Covid-19: Online misinformation and unclear national guidance hampering schools

Written by: Pete Henshaw | Published:
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Misinformation about Covid-19, often peddled on social media, is causing “confusion and parental anxiety” and hampering schools’ efforts to fully re-open this term.


It comes as more than a third of the schools visited by Ofsted during September reported an increase in the number of children being removed from the school and home-educated because of anxiety about Covid-19.

The issue is raised in Ofsted’s first Covid-19 briefing report of the autumn term, which is based on visits by inspectors to 121 schools – including 71 primary and 40 secondary (Ofsted, 2020).

Inspectors report a mixed approach to curriculum coverage, with some schools returning immediately to teaching all subjects and others preferring a gradual approach focused on foundation subjects and reading.

The report also raises concerns that remote education for pupils self-isolating was “in many cases” not fully aligned with the curriculum being taught in the classroom.

It comes as the latest Department for Education figures show that the number of schools “fully open” – meaning they can provide face-to-face teaching for all pupils – has fallen again (DfE, 2020).

On October 1, 92 per cent of state schools were “fully open”, down from 93 per cent on September 24. The fall is being driven at secondary level, where the proportion of secondary schools “fully open” has fallen from 84 to 82 per cent.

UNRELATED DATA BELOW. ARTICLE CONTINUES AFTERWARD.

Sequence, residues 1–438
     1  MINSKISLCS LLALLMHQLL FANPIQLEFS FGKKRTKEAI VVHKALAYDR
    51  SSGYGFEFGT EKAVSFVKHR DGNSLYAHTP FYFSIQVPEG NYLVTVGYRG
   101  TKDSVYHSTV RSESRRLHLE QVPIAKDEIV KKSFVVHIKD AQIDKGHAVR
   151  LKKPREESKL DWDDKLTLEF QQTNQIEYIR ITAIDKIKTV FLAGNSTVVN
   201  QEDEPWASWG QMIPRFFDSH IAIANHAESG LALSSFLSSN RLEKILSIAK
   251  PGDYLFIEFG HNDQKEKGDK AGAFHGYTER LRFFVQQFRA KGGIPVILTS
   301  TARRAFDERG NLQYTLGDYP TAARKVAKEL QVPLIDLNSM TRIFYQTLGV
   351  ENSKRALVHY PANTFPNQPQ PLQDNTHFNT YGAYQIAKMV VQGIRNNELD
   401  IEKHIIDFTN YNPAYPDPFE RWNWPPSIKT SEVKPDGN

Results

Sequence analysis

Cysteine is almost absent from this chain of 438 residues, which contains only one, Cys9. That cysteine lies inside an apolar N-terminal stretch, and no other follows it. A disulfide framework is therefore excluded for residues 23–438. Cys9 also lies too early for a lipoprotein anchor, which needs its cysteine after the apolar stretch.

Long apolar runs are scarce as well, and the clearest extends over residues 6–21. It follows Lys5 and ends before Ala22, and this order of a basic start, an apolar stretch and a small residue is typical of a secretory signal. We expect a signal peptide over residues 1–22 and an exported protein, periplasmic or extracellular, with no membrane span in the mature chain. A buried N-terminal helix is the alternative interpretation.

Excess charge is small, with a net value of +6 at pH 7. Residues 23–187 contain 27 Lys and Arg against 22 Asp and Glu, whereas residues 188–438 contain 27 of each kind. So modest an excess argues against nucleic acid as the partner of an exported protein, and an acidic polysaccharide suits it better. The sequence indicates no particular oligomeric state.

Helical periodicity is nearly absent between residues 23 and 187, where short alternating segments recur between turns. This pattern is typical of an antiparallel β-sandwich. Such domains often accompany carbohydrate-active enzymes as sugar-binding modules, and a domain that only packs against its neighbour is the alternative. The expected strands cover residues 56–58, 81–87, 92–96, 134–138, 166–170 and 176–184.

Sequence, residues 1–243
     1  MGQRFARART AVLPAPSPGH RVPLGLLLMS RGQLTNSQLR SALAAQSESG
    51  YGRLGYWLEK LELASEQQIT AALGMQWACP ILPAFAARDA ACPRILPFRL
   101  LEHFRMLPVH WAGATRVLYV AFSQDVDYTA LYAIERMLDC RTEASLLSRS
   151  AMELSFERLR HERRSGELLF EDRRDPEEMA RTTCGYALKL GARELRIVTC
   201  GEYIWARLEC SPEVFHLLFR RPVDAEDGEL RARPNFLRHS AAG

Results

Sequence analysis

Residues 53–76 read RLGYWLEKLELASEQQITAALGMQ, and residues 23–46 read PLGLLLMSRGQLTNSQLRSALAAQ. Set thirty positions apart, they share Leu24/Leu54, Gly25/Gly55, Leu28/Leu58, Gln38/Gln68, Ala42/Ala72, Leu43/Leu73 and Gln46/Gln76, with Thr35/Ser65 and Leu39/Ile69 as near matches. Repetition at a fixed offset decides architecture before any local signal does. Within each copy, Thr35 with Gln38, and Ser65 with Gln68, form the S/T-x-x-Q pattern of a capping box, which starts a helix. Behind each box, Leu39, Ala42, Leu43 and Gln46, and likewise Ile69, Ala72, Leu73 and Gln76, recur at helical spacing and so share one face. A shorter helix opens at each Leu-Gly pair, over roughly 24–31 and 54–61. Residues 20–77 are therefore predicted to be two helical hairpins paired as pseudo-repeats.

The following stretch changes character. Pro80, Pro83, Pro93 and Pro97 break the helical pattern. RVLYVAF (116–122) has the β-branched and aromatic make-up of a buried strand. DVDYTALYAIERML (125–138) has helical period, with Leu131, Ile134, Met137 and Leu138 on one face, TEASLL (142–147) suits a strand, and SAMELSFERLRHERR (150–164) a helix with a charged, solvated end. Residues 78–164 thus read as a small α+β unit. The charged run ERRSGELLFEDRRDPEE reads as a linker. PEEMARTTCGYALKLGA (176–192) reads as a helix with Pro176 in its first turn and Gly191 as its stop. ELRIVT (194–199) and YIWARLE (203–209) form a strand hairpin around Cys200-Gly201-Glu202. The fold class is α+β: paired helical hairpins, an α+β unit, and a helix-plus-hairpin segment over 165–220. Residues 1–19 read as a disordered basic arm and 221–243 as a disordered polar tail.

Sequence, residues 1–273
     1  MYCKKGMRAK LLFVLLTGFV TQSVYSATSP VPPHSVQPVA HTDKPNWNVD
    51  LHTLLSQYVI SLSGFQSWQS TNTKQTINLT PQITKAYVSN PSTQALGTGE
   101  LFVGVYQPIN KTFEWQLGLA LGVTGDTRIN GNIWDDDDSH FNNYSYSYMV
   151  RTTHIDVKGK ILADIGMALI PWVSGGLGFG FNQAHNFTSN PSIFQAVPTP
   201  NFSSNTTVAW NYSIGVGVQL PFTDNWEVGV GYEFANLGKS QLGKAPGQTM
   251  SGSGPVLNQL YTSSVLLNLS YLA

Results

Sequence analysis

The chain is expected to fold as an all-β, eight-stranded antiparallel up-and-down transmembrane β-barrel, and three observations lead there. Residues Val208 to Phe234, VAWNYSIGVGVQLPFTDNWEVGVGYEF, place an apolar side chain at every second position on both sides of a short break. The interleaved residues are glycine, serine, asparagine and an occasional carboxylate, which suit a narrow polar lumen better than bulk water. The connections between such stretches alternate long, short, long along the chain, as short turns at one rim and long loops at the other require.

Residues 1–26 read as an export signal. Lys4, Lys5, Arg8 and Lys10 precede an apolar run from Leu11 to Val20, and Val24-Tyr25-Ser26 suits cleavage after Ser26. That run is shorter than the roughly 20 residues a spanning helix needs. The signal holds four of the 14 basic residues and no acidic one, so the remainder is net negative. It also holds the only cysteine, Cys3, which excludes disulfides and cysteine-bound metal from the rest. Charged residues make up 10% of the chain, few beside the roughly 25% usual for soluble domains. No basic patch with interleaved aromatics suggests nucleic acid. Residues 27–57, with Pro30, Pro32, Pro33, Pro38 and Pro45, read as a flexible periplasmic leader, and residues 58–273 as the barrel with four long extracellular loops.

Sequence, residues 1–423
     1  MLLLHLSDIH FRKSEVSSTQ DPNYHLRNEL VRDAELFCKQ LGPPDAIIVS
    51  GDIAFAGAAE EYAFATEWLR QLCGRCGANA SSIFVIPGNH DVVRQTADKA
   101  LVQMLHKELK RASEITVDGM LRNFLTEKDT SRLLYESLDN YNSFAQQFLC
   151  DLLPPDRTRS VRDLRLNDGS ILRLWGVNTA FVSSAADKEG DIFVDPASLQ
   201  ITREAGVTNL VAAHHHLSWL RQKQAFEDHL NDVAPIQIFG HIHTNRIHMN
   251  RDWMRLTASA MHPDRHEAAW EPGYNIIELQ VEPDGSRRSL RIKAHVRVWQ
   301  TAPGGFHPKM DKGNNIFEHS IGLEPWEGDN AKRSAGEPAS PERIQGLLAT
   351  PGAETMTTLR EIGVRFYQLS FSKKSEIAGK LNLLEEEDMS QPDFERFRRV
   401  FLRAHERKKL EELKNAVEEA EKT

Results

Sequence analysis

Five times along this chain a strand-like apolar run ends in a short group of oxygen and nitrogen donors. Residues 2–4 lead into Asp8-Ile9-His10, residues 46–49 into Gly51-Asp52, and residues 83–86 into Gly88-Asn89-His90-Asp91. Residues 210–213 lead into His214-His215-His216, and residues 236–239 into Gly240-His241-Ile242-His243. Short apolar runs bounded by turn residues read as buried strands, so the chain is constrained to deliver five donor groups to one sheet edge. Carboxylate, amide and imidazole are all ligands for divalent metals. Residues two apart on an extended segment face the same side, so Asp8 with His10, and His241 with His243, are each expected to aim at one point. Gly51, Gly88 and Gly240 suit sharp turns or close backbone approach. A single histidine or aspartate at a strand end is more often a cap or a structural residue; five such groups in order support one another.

However, overall, 90 per cent of pupils were attending school on October 1, up from 88 per cent on September 24, suggesting that the groups of pupils being asked to self-isolate are becoming smaller.

Ofsted’s report highlights school leaders’ concerns about being able to keep their schools open as increasing numbers of staff members have to self-isolate to wait for Covid tests or test results.

It states: “Staff being absent from school is already proving to be a challenge. Many leaders saw the lack of availability of Covid-19 testing in their area as a real barrier to getting – or staying – properly up and running again.

“Leaders of some small schools described how quickly their school might have to close if staff could not get tested when they needed to, though this fear was shared by schools of all sizes.”

On curriculum coverage, the report highlights a mixed picture, but said that all primary schools were “concentrating hard” on reading and phonics. The report adds: “Many leaders explained that they wanted to make sure that if there have been any losses in learning, particularly in reading, these are quickly put right.”

Many secondary schools in the report have returned to a full curriculum, although some “suggested” that pupils may have to drop an option subject at GCSE if they are to cope with the workload.

The report adds: “The secondary schools had generally re-ordered their curriculums in order to prioritise key concepts and knowledge. Some leaders talked about focusing on what they thought were the most important building blocks for each subject. Others said they were prioritising what they thought could not be taught effectively through remote learning. A few had extended their teaching time to support year 11 pupils to catch up with their learning.”

Schools discussed the idea of a “recovery curriculum” but this meant different things, the report says, from prioritising core subject knowledge or skills to focusing on wellbeing and PSHE. The report adds: “Overall, the main focus in the schools visited was getting back to the normal curriculum as quickly and efficiently as possible.”

On remote education, the report finds that schools were “generally using online methods of delivery” including “recorded online lessons, individual study modules or often a combination of the two”. Only “occasionally” were schools using live online lessons.

However, the report warns that in some subjects, remote education was only aligned with schools’ pre-existing curriculum “to some extent”, whereas in others “it was not yet aligned”.